profit margin decrease
A company improving its net profit margin will have a positive AlphaSlope.
Intrinsic Value & Margin of Safety - IBM
Intrinsic Value is the sum of all future cash flows, discounted back to today. It
uses the Compound Annual Growth Rate (CAGR) for the timeframe in
question to derive a Sustainable Growth rate.
Margin of Safety is the difference between intrinsic value and the current
market price.
A key question to ask – Is the Margin of Safety sufficient when considering the
required sustainable growth?
Alpha Slopes–a simple method for screening companies
by modeling ratios over time
Traditional screeners rank
companies by latest results and
would generate investments ideas
in the order B, C and A
Alphaslope screening ranks
the companies based on their
trend – i.e. Consistent
improvement. The tool would
generate investment ideas in
the order C, A and B –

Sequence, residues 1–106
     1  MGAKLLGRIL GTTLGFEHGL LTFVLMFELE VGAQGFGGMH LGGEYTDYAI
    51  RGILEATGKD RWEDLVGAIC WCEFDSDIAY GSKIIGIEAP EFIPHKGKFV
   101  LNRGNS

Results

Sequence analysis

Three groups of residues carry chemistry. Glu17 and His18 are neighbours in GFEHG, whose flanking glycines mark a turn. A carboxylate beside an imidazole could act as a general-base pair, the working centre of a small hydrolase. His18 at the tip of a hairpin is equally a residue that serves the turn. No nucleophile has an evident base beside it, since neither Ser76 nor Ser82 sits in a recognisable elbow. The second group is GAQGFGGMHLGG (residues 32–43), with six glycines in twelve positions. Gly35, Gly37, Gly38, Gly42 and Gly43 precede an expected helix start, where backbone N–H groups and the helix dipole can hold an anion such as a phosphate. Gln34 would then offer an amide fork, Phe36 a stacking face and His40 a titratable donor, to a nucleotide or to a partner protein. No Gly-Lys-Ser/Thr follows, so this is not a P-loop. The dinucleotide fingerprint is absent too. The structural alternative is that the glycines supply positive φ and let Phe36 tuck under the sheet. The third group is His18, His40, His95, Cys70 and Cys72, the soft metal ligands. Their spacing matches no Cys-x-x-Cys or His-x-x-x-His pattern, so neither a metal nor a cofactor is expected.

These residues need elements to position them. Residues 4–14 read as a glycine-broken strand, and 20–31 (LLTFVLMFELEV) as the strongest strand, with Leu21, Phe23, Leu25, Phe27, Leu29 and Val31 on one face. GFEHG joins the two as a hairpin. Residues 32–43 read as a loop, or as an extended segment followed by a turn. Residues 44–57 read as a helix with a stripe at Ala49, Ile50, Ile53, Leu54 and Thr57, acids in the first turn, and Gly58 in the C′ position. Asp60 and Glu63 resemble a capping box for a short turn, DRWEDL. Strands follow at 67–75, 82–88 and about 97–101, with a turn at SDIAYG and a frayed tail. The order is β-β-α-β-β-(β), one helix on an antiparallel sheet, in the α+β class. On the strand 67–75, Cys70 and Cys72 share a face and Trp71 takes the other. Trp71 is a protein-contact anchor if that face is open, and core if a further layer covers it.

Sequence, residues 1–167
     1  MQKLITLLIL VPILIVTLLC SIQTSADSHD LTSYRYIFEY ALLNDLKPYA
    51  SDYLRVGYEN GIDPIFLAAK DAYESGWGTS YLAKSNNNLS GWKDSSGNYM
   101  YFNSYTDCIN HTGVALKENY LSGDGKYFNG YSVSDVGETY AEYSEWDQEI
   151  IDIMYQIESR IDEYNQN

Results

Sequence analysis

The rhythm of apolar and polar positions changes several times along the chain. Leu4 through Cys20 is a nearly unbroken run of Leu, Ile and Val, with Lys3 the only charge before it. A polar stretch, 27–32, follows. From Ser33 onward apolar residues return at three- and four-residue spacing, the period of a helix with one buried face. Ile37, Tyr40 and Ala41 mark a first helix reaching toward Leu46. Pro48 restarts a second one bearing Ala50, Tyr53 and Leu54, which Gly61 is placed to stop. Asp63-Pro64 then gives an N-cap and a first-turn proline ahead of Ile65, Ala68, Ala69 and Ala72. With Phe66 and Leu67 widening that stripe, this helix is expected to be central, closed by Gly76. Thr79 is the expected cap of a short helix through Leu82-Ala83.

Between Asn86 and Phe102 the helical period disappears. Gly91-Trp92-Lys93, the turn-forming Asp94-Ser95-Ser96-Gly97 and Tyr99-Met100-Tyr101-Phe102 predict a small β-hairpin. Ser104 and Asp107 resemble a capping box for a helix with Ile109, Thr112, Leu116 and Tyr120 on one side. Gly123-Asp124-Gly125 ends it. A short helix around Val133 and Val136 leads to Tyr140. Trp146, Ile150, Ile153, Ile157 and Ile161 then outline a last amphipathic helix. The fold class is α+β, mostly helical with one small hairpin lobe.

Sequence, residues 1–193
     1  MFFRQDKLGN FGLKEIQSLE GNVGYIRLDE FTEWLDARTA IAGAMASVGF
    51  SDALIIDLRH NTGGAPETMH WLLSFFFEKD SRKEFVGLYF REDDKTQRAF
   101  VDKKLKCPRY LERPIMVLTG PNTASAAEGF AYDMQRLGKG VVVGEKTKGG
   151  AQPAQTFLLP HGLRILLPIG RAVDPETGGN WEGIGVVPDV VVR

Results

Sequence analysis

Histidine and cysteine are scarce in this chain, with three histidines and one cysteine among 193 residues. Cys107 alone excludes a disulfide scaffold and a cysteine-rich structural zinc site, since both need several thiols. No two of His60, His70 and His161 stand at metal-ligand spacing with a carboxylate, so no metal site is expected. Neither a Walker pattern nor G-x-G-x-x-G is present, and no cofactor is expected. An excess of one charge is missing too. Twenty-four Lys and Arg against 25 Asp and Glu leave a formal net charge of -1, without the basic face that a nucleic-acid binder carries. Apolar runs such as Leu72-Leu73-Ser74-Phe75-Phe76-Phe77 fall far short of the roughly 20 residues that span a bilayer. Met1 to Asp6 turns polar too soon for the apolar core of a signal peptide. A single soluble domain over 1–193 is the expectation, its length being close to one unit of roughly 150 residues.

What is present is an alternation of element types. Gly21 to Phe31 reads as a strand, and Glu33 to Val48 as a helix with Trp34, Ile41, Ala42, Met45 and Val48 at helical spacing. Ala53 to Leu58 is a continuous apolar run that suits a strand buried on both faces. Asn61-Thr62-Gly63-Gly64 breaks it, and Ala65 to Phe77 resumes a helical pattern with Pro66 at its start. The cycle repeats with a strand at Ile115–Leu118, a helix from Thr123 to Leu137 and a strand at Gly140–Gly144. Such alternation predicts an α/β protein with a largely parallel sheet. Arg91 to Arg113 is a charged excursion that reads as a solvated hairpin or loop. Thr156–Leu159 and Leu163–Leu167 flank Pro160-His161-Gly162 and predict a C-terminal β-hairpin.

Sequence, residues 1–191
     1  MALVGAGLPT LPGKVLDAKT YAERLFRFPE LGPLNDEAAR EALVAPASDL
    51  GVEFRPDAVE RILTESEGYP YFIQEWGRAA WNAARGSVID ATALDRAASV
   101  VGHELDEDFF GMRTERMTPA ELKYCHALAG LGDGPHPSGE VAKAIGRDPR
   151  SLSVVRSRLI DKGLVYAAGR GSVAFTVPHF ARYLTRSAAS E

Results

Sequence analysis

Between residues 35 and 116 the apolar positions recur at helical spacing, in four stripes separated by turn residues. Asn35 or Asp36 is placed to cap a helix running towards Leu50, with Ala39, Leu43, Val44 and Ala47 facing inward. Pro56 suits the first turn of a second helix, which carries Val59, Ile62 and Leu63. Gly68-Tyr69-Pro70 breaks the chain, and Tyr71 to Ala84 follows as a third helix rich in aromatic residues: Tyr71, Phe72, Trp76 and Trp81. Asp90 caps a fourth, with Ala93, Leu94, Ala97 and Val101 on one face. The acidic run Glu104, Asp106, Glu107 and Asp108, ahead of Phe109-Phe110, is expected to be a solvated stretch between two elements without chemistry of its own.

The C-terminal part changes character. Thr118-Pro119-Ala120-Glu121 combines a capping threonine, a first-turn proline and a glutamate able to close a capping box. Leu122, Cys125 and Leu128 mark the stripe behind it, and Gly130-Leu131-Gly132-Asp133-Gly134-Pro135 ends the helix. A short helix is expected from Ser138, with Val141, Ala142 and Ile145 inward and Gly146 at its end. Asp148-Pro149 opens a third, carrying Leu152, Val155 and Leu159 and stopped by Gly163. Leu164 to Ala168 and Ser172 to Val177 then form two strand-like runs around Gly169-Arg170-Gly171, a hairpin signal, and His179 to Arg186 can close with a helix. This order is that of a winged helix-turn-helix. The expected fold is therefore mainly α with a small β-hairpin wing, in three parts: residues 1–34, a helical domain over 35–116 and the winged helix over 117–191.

although B would likely be
removed from the result set
as is it is on a downward
trend and less than zero
How diverse is the market?
The Bell Curve distribution for slopes shows how effectively Rising Sum can
provide identification / screening of companies in an index
Comparing the Return On Equity Alpha Slope with CAGR
Companies with
negative RoE slopes
have either positive
or negative CAGR
The majority of companies with
positive RoE slopes also had
positive growth
Very few companies that have
positive Return On Equity
slopes had negative CAGR
Note: additional ratio alphaslopes can be applied to further filter out negative CAGR companies